In my last post I discussed the importance of using personal motivation to make behavior change real, substantial and ongoing. Savvy sustainability leaders know that is just one piece of a complex puzzle.
As Vital Smart’s Influence Model states, leaders often fail to execute successful sustainability strategies or programs because they bet on a single intervention to create transformation, rather than a diverse arsenal of influence strategies. In addition to creating conditions where others want to engage in your sustainability initiative, you must also help employees by teaching them new skills.
Why Training Doesn’t Work
I’m not saying that training isn’t important. It is. You need to teach others what you need them to do that is different, whether it’s technical or interpersonal skills. However, most organizations are ineffective at putting all that classroom time into practice.
According to an article by McKinsey, “Companies around the world spend up to $100 billion a year to train employees in the skills they need to improve corporate performance—topics like communication, sales techniques, performance management, or lean operations. But training typically doesn’t have much impact. Indeed, only one-quarter of the respondents to a recent McKinsey survey said their training programs measurably improved business performance.”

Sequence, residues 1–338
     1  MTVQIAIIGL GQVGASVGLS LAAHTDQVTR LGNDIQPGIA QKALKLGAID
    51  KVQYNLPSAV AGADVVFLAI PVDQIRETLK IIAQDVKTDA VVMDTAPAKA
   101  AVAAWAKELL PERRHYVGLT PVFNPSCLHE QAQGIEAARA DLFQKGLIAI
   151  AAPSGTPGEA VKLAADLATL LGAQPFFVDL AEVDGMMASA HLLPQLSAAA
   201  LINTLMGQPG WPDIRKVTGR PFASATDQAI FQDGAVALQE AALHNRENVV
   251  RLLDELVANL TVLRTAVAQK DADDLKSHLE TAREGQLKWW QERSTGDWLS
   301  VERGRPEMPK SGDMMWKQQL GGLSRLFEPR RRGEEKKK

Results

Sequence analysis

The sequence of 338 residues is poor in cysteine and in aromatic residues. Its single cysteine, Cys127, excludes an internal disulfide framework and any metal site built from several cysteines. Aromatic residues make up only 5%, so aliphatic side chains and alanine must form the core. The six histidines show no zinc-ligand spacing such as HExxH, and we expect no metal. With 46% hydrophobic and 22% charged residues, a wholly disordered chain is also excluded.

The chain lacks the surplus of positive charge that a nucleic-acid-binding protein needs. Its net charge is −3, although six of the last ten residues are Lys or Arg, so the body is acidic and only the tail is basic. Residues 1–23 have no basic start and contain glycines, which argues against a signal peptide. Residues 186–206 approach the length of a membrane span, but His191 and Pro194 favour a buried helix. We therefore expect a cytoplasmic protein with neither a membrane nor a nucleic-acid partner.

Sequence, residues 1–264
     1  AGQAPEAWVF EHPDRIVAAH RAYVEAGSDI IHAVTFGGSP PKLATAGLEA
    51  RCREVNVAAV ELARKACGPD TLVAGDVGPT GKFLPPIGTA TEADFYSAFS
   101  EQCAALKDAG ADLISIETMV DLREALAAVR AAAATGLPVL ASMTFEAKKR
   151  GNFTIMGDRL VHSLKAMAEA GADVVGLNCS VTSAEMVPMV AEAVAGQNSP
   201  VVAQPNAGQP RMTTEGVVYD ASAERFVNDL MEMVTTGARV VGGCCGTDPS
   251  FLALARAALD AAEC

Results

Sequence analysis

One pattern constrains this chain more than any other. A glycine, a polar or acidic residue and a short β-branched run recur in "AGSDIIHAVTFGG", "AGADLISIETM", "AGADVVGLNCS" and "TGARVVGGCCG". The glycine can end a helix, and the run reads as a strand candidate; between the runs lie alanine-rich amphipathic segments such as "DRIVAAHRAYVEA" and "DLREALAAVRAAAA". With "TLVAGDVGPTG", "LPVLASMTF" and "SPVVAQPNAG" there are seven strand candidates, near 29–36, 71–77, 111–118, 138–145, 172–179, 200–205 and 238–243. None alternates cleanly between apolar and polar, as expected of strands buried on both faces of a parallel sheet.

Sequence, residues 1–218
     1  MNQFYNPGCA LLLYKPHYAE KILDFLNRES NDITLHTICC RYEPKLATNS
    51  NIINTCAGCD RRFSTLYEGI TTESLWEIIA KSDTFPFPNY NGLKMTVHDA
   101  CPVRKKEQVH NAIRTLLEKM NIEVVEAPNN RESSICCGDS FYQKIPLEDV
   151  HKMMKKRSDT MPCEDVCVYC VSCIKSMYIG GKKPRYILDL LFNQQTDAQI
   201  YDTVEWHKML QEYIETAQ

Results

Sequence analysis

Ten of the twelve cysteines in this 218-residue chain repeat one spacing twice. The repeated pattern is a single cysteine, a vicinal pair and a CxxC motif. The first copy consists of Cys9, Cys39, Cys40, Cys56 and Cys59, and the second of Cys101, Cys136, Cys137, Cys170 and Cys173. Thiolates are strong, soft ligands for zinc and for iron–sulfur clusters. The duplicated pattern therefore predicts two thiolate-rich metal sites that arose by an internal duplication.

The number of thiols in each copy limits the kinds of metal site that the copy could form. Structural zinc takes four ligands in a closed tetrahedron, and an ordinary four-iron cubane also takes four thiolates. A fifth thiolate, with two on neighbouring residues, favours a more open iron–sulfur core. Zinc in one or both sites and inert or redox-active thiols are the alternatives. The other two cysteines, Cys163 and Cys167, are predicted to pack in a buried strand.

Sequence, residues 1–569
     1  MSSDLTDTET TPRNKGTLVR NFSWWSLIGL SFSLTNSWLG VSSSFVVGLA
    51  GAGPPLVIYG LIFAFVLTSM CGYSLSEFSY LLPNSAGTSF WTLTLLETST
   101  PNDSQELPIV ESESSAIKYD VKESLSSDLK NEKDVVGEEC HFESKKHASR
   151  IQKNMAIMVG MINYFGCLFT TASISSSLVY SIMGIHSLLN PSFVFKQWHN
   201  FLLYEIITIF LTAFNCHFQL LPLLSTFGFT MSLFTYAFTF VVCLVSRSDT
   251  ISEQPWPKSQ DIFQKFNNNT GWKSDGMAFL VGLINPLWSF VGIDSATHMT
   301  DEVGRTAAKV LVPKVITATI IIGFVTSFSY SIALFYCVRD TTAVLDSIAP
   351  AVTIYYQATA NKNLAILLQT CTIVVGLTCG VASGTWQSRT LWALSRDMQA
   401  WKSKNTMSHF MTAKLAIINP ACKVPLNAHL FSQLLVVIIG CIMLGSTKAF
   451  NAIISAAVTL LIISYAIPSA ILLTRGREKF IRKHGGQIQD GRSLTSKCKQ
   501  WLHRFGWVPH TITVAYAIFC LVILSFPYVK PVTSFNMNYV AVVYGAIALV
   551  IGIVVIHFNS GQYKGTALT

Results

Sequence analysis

Think about it. What’s the last training class you went to? Now, what are doing differently based on what you learned in that class? I’d guess not a whole heck of a lot. Some of the reasons training doesn’t stick are that it’s short-lived, event-based and conducted in a classroom bubble. The biggest reason training fails at delivering the solution we were hoping for is that we tend to assume that knowing something and doing something is the same thing. It’s not!
Learning is a performance art. It takes a violinist hours of concentrated practice to create something truly beautiful to listen to. So, too, building momentum and influencing positive change in your organization for creating long lasting sustainable outcomes calls for specific behaviors that can only be learned by practice.